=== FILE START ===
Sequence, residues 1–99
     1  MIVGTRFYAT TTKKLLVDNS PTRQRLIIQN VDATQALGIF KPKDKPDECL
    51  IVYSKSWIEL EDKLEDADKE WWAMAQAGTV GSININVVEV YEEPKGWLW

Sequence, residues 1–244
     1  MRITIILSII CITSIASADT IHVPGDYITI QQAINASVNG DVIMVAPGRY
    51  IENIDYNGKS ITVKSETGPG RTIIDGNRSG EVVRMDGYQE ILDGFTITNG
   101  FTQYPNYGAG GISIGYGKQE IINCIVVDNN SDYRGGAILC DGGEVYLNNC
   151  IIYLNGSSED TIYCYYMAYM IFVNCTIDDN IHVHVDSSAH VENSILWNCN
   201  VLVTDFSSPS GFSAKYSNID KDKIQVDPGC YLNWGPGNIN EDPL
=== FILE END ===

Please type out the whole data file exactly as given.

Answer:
Sequence, residues 1–99
     1  MIVGTRFYAT TTKKLLVDNS PTRQRLIIQN VDATQALGIF KPKDKPDECL
    51  IVYSKSWIEL EDKLEDADKE WWAMAQAGTV GSININVVEV YEEPKGWLW

Sequence, residues 1–244
     1  MRITIILSII CITSIASADT IHVPGDYITI QQAINASVNG DVIMVAPGRY
    51  IENIDYNGKS ITVKSETGPG RTIIDGNRSG EVVRMDGYQE ILDGFTITNG
   101  FTQYPNYGAG GISIGYGKQE IINCIVVDNN SDYRGGAILC DGGEVYLNNC
   151  IIYLNGSSED TIYCYYMAYM IFVNCTIDDN IHVHVDSSAH VENSILWNCN
   201  VLVTDFSSPS GFSAKYSNID KDKIQVDPGC YLNWGPGNIN EDPL